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pression of the general will; possibly to a change in the opinion of the judiciary; the latter enforces the general will, whilst that will and that opinion continue unchanged.

And if there be no impropriety in declaring the unconstitutionality of proceedings in the Federal Government, where can be the impropriety of communicating the declaration to other states, and inviting their concurrence in a like declaration? What is allowable for one, must be allow. able for all; and a free communication among the states, where the Con: stitution imposes no restraint, is as allowable among the state governments as among other public bodies or private citizens. This consideration derives a weight, that cannot be denied to it, from the relation of the state legislatures to the federal legislature, as the immediate constituents of one of its branches.

The legislatures of the states have a right also to originate amendments to the Constitution, by a concurrence of two-thirds of the whole number, in applications to Congress for the purpose. When new states are to be formed by a junction of two or more states, or parts of states, the legislatures of the states concerned are, as well as Congress, to concur in the measure. The states have a right also to enter into agreements or compacts, with the consent of Congress. In all such cases, a communication among them results from the object which is common to them.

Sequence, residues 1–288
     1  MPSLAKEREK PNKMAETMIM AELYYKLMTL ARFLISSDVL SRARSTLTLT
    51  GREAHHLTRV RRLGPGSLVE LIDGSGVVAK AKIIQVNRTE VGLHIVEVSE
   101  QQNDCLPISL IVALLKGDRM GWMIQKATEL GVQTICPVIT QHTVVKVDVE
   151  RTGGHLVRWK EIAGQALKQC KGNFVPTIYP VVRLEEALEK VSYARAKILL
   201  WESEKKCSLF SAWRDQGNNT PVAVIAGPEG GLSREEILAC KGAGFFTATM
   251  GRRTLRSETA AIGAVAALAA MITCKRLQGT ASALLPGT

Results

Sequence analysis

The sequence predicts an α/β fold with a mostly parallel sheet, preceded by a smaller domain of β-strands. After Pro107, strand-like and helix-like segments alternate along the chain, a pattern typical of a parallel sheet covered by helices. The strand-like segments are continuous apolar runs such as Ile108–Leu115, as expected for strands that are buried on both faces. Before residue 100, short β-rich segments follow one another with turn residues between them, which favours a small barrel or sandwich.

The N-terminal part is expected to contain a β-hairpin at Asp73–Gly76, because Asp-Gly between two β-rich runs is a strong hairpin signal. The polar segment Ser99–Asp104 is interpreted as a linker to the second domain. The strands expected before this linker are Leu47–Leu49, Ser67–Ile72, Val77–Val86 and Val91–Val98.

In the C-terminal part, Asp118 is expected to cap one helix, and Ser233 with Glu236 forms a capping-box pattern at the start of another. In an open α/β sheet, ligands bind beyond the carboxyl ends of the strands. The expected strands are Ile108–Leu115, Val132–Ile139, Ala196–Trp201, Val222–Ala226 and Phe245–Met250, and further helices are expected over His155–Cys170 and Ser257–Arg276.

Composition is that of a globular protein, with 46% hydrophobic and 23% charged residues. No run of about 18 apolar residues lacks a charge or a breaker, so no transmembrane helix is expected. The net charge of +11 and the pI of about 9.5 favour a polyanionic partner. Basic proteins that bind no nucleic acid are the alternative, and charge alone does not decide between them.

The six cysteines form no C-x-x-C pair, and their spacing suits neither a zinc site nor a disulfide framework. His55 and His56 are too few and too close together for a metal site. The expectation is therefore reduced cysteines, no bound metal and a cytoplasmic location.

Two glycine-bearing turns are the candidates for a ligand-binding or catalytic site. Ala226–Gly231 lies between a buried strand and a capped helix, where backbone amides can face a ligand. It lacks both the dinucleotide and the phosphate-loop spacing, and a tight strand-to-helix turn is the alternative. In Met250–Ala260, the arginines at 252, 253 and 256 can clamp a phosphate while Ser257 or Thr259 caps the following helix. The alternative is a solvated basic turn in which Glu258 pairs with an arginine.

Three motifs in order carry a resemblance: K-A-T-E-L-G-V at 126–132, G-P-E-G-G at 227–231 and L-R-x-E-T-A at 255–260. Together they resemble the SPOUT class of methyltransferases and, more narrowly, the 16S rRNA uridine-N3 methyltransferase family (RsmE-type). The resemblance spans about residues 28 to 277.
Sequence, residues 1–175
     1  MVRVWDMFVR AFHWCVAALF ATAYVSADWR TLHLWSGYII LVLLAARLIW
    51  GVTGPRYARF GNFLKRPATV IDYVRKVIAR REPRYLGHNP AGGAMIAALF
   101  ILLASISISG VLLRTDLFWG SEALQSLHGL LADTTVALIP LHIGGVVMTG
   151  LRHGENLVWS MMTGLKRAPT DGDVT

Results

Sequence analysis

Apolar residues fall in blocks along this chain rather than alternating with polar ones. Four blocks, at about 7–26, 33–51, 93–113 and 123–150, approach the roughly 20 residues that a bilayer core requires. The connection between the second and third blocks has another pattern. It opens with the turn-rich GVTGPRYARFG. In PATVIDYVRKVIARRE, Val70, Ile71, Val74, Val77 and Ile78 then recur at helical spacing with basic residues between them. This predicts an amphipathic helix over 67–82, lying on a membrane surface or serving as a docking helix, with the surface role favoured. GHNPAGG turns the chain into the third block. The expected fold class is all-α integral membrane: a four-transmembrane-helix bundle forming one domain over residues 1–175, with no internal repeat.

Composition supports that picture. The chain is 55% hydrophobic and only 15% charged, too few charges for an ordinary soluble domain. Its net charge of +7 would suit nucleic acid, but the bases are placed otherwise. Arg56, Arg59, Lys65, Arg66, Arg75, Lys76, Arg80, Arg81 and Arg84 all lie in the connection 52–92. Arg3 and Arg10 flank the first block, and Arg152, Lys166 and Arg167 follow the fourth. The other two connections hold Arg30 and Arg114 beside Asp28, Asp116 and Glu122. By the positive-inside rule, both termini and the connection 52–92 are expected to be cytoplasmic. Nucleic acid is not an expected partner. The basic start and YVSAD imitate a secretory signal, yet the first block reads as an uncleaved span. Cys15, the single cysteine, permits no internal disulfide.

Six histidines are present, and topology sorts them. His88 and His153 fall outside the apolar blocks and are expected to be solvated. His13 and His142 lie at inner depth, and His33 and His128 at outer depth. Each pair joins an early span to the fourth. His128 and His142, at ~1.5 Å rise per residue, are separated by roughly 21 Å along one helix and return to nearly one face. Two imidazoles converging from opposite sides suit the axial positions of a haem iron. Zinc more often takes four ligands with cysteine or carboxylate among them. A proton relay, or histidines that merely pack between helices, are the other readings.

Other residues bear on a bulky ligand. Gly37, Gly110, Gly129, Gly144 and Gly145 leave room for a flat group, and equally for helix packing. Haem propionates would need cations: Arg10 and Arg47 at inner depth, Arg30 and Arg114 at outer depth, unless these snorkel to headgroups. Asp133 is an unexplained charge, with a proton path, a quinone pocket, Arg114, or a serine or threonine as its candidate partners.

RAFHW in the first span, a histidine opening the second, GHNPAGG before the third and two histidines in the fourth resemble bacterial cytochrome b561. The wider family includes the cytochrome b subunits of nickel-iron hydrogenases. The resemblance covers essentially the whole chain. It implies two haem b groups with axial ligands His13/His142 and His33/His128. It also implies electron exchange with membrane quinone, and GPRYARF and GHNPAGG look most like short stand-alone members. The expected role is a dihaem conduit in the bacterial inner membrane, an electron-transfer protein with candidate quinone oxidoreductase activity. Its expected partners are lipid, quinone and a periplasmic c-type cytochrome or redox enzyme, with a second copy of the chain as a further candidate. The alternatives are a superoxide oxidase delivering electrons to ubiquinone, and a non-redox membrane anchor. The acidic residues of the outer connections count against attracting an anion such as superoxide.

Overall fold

It is lastly to be seen, whether the confidence expressed by the resolution, that the necessary and proper measures would be taken by the other states for co-operating with Virginia in maintaining the rights reserved to the states, or to the people, be in any degree liable to the objections which have been raised against it.

If it be liable to objection, it must be because either the object or the means are objectionable.

The object being to maintain what the Constitution has ordained, is in itself a laudable object.

The means are expressed in the terms “the necessary and proper mea. sures. A proper object was to be pursued, by means both necessary and proper.

To find an objection, then, it must be shown that some meaning was annexed to these general terms, which was not proper ; and, for this purpose, either that the means used by the General Assembly were an exam. ple of improper means, or that there were no proper means to which the terms could refer.

In the example given by the state, of declaring the alien and seditionacts to be unconstitutional, and of communicating the declaration to the other states, no trace of improper means has appeared. And if the other states had concurred in making a like declaration, supported, too, by the numerous applications flowing immediately from the people, it can scarcely be doubted, that these simple means would have been as sufficient, as they are unexceptionable.